Prior to working on any Whistleblower Claim, the IRS will conduct what is known as a “taint review.” This review ensures good behavior by our government, and that in this case, it will ensure that the IRS is not encouraging Whistleblowers to provide information/documentation that would not otherwise be available to the IRS. In fact, there is the possibility that the Court itself would throw out information/documents that should not have been available to the IRS or perhaps, even worse, throw out the entire action (i.e. audit) by the IRS if it is using tainted information from a whistleblower.
What is a Taint Review?
According to the Internal Revenue Manual (IRS’ operations manual for its employees) Section 188.8.131.52.3, the taint review team (IRS Subject Matter Expert, IRS Whistleblower Office and IRS Chief Counsel) will review the Claim and any Exhibits submitted by a whistleblower and his/her legal team to determine if it includes tainted material that would jeopardize the IRS actions (i.e. adjustments to the Taxpayer’s tax liability or to collecting taxes).
Specifically, the taint team will evaluate whether the IRS can forward all the information and documentation provided by the Whistleblower to its operating division. This taint team will evaluate whether any information/documentation will be withheld due to privilege, or other reason.
What is tainted information?
Tainted Information may include:
Information illegally obtained by the whistleblower;
privileged information; (i.e. attorney-client privilege);
What is privileged information?
Attorney-Client Privileged information: Applies to information from legal advice sought from a legal professional in their capacity and applies to communication related to the legal advice. The privilege belongs to the client and prohibits disclosure unless waived by the client.
Work Product Doctrine Privileged Information: Protects information prepared in anticipation of litigation or for trial. The materials can be prepared by an attorney or a non-attorney, so long as they are prepared in anticipation of litigation.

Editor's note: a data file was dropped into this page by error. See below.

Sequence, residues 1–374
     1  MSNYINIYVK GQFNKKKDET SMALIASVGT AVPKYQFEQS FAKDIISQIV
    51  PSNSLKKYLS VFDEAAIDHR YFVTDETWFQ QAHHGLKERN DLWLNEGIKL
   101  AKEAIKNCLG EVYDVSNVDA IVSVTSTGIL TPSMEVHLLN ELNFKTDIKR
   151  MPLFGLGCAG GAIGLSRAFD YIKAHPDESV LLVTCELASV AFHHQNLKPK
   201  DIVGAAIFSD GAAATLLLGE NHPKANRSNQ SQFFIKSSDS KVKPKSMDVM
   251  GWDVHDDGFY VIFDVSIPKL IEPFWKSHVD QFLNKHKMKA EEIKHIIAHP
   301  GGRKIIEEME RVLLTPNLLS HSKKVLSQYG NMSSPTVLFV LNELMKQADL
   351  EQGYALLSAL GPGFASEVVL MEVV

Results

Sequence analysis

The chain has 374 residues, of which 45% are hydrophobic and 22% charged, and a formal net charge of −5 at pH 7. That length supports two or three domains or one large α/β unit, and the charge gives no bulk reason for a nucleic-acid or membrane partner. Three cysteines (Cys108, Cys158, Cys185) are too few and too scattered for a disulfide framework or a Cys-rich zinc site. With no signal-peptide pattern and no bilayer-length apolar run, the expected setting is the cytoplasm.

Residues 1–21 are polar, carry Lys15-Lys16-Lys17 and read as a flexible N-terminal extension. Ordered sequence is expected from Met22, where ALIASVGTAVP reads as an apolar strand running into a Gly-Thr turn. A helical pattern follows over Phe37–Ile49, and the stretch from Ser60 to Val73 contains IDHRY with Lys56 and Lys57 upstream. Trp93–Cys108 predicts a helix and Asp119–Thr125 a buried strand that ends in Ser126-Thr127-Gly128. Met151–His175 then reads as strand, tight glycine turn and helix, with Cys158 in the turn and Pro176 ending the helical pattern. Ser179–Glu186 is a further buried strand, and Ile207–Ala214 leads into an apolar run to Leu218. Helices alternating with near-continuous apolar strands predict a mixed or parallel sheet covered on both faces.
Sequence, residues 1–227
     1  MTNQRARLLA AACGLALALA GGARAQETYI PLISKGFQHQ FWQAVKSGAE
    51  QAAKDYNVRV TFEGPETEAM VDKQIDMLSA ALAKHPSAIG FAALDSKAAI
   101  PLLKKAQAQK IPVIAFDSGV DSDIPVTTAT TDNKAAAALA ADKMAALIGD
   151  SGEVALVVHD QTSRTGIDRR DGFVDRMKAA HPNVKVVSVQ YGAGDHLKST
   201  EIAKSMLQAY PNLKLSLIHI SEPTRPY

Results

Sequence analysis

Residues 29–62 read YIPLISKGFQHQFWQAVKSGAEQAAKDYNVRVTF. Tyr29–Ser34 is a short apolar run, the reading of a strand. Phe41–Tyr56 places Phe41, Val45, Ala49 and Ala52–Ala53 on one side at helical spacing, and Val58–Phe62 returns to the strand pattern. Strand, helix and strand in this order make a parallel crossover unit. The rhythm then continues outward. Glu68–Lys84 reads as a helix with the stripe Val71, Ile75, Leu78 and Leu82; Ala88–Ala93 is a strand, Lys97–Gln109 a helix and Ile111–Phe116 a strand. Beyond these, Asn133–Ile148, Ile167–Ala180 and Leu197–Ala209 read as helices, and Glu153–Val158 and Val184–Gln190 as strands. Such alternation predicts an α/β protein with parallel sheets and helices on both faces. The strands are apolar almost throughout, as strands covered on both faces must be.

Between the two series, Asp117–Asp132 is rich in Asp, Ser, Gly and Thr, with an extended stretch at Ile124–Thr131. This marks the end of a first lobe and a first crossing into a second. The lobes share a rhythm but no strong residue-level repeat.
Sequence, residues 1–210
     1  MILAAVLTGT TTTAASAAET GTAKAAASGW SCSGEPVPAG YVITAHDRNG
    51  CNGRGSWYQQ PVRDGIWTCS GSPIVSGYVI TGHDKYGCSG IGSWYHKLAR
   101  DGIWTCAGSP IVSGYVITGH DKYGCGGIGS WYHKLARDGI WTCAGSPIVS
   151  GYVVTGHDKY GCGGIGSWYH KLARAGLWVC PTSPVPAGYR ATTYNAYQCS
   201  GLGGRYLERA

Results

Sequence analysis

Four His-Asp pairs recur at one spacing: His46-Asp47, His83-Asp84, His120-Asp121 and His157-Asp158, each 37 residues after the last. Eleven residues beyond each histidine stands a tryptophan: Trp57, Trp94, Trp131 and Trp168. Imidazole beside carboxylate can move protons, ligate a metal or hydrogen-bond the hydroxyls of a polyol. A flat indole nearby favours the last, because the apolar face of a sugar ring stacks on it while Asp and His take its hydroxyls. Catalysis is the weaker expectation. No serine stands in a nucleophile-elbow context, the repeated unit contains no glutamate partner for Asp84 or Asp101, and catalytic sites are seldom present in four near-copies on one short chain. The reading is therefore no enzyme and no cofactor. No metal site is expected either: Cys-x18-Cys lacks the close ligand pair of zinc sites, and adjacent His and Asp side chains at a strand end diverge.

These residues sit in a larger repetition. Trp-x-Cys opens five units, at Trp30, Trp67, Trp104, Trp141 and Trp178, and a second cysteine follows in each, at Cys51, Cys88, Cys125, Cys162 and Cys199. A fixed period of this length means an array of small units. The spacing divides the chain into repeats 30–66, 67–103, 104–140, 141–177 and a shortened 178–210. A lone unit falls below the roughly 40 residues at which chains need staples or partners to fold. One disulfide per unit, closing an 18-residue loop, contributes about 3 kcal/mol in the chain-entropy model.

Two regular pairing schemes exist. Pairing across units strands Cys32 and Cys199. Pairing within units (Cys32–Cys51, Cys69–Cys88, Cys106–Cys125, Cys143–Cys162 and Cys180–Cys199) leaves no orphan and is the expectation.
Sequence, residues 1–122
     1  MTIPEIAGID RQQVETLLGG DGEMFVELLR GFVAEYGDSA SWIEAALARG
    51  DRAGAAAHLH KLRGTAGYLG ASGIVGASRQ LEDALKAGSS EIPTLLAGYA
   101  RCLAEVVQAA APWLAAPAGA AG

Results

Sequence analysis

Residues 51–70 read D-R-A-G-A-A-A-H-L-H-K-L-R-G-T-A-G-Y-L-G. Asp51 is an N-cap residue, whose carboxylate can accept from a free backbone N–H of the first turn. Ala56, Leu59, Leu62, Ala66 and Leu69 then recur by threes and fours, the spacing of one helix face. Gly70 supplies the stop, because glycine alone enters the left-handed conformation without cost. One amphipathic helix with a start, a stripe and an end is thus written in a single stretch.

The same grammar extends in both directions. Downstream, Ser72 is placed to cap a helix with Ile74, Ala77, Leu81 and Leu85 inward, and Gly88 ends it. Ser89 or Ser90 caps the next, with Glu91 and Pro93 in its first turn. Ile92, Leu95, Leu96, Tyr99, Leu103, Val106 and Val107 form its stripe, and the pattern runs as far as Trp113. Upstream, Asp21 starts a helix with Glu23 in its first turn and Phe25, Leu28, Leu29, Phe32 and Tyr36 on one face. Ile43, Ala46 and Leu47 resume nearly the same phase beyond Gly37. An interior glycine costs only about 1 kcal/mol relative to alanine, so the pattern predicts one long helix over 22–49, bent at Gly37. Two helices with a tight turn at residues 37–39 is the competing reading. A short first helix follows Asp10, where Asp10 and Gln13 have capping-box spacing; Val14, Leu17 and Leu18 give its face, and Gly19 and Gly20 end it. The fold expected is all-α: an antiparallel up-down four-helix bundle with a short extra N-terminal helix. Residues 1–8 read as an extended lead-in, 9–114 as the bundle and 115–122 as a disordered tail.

Spousal Privileged Information: Protects confidential communication made between spouses while married. Privilege survives the dissolution of the marriage. Applies to communication that occurred between spouses while married and prevents a spouse from testifying based on that communication whether the marriage still exists.
Tax Practitioner Privileged Information: Internal Revenue Code Section 7525 extends attorney-client privilege between a client and a federally authorized tax practitioner, if the communication would have been privileged between the client and an attorney. Only applies to non-criminal tax matters. Does not apply to any promotion of a tax shelter.
For current employees of a Taxpayer, IRS attempts to ensure that the information, if used by the IRS, does not create a 4th Amendment argument for the Taxpayer (i.e., unreasonable search and seizure of the Taxpayer’s property).
One bite rule: If the whistleblower is a current employee of a taxpayer, the IRS should be a passive recipient of the whistleblower’s information, meaning that at the initial meeting between the IRS and the whistleblower, the IRS should receive all information from the whistleblower, because there is seldom a following meeting with the whistleblower.
The IRS follows current caselaw precedent and will accept stolen information from the whistleblower so long as the government is a passive recipient of the information/documentation. The IRS may be overly cautious with respect to accepting information that the whistleblower obtained from which he/she did not have access as opposed to information that he/she had access to in the normal course of business (i.e. emails, memos, etc.).
In filing a whistleblower claim with the IRS under I.R.C.§ 7623, a whistleblower can take steps to ensure that his claim is not weakened or eliminated from consideration. The determination of whether the IRS will exclude all or some of the whistleblower’s information occurs during the “Taint Review”. As noted above the IRS Taint Team will consider excluding information or documents which that may jeopardize the results of an IRS examination. Having experienced legal counsel can assist the whistleblower in framing potentially excludable information as includable which may be the difference between a successful whistleblower claim and a rejection. In addition, perhaps as many as 50% of all whistleblowers whose claims are to be forwarded to the operating division for evaluation, are “debriefed” by a taint team. An experienced attorney in this debriefing may successfully explain why information and/or documents are not tainted.
The attorneys at Tax Whistleblower Law Firm have extensive experience crafting a whistleblower claim to minimize the IRS’ rejection of the claim due to taint. Tax Whistleblower Law Firm also has experience in representing whistleblowers in taint interviews and overcoming the taint review hurdles which may arise. CONTACT US for an evaluation of your claim to determine if your claim may be considered tainted by the IRS Taint Team.
Author, SHINE LIN strives to present a balanced yet focused claim which allows the IRS to concentrate on the key facts, legal issues, law and legal analysis so that the IRS may successfully pursue the alleged wrongdoers.